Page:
Research at Oxford has contributed key discoveries in our understanding of the anatomy of the brain and the nervous system.

In the seventeenth century Thomas Willis (1621–75) became celebrated for his dissections and detailed examinations of the brain, as well as his important description of the cranial and spinal nerves. Assisted by his contemporaries Christopher Wren and Richard Lower, he is chiefly remembered for his complete description of the arterial circle at the base of the brain (the ‘Circle of Willis’). He also coined the word ‘neurologie’ which first appeared in his book Cerebri anatome (Anatomy of the Brain) in 1664.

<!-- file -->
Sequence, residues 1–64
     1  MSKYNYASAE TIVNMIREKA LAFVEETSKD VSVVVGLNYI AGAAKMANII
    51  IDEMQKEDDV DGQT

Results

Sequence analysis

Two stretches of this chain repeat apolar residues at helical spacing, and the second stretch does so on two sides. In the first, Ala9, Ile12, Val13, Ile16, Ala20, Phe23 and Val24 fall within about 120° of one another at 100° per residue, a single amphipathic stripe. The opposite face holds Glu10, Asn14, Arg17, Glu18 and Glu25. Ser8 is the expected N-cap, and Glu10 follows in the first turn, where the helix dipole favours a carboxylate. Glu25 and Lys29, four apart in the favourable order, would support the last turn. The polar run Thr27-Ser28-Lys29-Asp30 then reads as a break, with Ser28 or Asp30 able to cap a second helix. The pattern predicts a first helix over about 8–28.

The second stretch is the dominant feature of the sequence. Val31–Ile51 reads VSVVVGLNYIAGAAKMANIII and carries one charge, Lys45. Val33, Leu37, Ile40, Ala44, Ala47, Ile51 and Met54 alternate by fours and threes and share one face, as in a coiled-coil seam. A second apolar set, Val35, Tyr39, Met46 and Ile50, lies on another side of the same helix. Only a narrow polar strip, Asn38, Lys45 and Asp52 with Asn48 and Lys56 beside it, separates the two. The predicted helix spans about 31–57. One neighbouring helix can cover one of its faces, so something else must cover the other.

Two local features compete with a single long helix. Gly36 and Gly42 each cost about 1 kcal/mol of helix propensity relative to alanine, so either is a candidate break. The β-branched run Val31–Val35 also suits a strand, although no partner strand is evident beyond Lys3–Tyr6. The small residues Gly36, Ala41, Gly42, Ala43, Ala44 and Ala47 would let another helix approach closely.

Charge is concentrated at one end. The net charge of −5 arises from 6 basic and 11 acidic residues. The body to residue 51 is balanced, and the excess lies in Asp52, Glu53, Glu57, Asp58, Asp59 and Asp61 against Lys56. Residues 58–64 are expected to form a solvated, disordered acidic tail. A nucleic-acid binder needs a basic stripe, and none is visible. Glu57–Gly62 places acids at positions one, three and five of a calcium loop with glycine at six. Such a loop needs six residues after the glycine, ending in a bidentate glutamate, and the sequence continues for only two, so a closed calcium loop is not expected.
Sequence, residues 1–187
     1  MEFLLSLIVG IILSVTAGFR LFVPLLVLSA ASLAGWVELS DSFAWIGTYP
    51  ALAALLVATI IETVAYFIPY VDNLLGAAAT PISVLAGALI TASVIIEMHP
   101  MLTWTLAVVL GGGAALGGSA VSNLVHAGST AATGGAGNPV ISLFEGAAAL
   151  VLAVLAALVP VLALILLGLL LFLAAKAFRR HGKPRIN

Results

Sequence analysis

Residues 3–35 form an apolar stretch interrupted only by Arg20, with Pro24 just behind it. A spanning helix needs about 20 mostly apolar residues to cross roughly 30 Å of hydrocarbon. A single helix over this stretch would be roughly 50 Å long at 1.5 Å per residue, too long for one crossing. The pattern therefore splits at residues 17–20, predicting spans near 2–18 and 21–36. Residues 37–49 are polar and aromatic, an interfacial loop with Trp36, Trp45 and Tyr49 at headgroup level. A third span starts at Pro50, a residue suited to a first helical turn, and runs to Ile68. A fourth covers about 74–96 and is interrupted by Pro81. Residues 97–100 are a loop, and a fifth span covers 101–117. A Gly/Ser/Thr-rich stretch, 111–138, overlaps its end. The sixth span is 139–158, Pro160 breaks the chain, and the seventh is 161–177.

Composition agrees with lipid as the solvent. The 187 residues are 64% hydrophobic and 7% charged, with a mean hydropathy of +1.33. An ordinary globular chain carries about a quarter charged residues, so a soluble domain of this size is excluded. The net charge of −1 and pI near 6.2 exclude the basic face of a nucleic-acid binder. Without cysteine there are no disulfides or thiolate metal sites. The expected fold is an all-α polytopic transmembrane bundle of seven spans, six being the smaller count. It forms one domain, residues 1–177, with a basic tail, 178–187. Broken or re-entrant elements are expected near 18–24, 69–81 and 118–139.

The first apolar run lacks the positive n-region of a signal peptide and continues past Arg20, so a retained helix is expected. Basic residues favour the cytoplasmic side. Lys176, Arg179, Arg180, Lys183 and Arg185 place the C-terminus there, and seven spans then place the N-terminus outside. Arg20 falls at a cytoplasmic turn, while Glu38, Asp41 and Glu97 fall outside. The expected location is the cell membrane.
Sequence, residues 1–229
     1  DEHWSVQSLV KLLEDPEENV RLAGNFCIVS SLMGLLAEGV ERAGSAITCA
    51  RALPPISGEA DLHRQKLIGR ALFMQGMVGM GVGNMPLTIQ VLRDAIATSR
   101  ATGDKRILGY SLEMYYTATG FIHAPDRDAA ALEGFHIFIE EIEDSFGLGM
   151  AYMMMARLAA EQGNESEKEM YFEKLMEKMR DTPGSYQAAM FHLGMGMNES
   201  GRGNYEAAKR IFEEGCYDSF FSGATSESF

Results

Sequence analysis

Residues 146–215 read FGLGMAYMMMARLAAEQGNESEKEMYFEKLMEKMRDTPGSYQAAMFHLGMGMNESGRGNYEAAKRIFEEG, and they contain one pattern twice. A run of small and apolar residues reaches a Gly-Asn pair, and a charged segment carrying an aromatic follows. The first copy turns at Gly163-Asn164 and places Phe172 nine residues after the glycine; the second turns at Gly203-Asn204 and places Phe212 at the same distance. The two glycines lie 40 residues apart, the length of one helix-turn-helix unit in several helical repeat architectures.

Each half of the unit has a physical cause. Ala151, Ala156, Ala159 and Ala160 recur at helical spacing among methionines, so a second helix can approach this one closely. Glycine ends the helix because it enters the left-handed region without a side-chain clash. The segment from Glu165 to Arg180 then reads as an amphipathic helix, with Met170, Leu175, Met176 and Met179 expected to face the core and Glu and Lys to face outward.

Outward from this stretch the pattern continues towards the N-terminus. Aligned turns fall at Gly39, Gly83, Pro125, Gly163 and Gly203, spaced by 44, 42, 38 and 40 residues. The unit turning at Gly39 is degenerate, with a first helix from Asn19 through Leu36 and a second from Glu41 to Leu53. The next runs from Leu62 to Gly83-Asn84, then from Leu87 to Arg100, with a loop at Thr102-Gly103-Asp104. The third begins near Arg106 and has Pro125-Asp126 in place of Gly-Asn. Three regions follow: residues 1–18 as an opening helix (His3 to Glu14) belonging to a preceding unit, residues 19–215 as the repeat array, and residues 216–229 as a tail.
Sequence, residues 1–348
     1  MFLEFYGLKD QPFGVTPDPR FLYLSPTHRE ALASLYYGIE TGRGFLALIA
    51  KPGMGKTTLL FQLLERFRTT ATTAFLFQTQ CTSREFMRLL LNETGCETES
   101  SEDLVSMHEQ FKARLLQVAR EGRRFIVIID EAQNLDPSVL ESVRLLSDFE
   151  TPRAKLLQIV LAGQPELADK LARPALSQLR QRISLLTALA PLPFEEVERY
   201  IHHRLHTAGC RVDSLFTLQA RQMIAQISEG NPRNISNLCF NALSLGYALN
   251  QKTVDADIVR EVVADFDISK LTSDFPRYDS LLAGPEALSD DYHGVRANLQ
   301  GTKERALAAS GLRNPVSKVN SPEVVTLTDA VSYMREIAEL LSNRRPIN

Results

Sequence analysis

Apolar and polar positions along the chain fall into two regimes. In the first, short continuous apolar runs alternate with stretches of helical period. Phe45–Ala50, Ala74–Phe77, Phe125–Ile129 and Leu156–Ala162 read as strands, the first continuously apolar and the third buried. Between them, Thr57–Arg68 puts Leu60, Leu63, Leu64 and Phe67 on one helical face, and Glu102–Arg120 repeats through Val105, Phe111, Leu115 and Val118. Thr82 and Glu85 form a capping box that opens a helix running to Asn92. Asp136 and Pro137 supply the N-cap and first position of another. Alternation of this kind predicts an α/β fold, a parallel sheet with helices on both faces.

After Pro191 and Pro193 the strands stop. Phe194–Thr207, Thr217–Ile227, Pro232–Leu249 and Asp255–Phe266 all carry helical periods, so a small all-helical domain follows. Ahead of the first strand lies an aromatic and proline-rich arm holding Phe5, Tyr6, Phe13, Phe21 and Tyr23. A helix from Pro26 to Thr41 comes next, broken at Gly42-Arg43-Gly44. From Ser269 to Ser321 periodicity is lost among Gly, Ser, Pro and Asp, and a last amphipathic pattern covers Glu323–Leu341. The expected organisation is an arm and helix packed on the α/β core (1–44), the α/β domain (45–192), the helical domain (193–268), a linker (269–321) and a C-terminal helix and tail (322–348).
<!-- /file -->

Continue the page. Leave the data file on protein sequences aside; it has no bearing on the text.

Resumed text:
Willis’s dissection techniques have been superseded by imaging technology such as Magnetic Resonance Imaging – an Oxford invention – but constructing an atlas of the brain and mapping sensory and motor fields in the cortex continue to fascinate neuroscientists.


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